As I was watching Gully Boy, I saw it to be a lie, a movie trying to tell us what it is not, and it is forcing me to commit a cardinal sin on an open platform, i.e. use the M and H words.
However hard Gully Boy tries to masquerade to be introducing “real hip hop” to India, Sorry Dear Zoya Akhtar, (I suspect that we both know it) it is more about giving voice to Muslim youth in urban India, and as an Indian I really thank you for making this movie.
While Secret Superstar did touch upon the theme of life of a young Muslim kid, it still did not take it front on and preferred remaining a behind-the-closed-door story focusing on feminism and domestic oppression, but Gully Boy is special as it has brought the clash of culture with emerging social context out on the street.
From a critical perspective, as a movie Gully Boy has tried touching far too many issues, but as it is brave enough to accept that a movie doesn’t mean to be a closure of all threads, it has managed to show what we really need to notice.
However hard we try to ignore, the truth is, be it Hindu or Muslim urban kid, they are living in a different world than their parents and it is slowly reaching a point where we have a state of undeclared war between religious and cultural ideas and life that a city offers.
With rise of large metros, arrival of internet and global communication connectivity, all the cultural silos that humanity has created by using traditions as defining walls are quickly getting punctured.
Every young man and woman regardless of location or religion is able to see the life style of others and hence is in a position to question why he/she can’t have the same dreams and same life that others are enjoying.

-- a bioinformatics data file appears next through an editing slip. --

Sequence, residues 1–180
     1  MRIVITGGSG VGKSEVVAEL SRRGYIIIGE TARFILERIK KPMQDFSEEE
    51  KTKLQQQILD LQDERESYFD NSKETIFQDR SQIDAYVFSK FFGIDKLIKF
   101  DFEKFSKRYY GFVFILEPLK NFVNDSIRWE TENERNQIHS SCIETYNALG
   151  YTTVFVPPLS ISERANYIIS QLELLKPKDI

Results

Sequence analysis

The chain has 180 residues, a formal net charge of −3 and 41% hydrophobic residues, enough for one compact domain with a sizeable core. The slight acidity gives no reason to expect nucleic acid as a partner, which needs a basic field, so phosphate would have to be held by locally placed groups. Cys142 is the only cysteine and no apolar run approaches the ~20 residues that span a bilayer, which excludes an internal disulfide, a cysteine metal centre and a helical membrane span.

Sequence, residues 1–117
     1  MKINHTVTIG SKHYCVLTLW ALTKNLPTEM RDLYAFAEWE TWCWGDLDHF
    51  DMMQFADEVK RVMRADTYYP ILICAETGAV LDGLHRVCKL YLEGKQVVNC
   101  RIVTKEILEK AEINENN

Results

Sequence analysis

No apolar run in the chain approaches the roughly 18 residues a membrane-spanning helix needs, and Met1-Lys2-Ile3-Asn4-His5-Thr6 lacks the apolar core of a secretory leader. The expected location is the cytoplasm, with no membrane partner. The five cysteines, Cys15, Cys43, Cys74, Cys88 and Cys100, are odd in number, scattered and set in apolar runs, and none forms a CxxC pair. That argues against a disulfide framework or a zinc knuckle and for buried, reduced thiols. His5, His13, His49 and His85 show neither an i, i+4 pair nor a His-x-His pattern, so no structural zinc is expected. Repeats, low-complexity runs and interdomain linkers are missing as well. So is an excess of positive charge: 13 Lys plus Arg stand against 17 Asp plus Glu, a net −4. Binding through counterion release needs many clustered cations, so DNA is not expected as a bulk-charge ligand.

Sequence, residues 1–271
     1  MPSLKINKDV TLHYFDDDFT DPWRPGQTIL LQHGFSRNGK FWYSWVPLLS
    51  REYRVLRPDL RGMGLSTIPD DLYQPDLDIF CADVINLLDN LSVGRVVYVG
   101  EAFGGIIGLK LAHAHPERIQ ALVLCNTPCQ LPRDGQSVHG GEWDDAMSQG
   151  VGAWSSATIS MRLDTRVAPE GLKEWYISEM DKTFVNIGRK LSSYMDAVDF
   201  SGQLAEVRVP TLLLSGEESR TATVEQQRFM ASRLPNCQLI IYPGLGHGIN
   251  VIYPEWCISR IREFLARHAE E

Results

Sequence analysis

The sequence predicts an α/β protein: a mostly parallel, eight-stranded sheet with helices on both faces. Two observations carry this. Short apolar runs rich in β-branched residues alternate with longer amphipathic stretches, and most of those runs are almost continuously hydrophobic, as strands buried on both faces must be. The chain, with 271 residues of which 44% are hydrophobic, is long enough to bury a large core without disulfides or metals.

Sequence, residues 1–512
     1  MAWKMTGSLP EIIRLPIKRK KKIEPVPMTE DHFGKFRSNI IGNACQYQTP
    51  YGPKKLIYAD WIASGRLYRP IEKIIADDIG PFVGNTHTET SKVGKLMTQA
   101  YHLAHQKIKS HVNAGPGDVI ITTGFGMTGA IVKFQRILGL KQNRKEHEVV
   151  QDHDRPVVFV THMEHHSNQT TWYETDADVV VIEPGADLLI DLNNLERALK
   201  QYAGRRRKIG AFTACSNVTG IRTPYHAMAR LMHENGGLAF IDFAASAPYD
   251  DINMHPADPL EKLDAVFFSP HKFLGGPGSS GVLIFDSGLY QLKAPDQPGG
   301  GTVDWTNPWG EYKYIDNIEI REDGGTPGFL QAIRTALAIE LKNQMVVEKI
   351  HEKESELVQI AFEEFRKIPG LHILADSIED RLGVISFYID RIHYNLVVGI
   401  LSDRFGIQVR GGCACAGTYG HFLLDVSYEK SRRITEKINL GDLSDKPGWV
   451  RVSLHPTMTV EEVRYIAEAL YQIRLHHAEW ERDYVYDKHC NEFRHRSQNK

This process is moving across the globe rapidly and kids in the cities are first to get hit by disparity they face only and only because of cultural and thus imaginary constraints.
A city is a cauldron of opportunities and thus it is possible for all young urban kids to imagine that “Aapna time ayega”. If cultural or religious traditions are asking a kid not to dream and hope, such traditions will have to fight against the immense power of hope that youth has.
While the world seems to be getting more and more polarised by religious ideologies, movies like Gully Boy makes me sense rise of another religion, religion of youth, and I am pinning my hopes on the incredible power of hope that youth is always gifted with.
I really feel that, if religious constraints are going to broken, it will by the hope of a better life that freedom offers. A movie like Gully Boy will serve more than a million peace talks or years of armed oppression in changing hearts and minds.
Gully Boy reminds me of another scene from yet another movie which subtly tried to say something even deeper.
For me, Bezubaan (Voiceless) dance-song of ABCD is an anthem of all young people oppressed by cultural and religious ideas they don’t relate to.
But, it is not only about oppression and rebellion, there is something subtle and deeper.
When the young Muslim boy pulls away from his dad to sing “Bezubaan” in ABCD, unnoticed by us all, something really magical and yet really Real (if we are ready to believe in it) happens.
He is joined by his all young friends to dance out his anthem. It is so natural that we all forget that the other kids are coming from different religions and cultures.
Be it Hindu or Muslim kid (ah! I so love the sense of freedom that I get by typing H and M without bothering about religion-Nasis!), they will belong to the same world if/as their dreams and hopes are same.
Youth has the power to dream of any dream, including one where world is not divided by religions. Let us hope that they can realise it for us.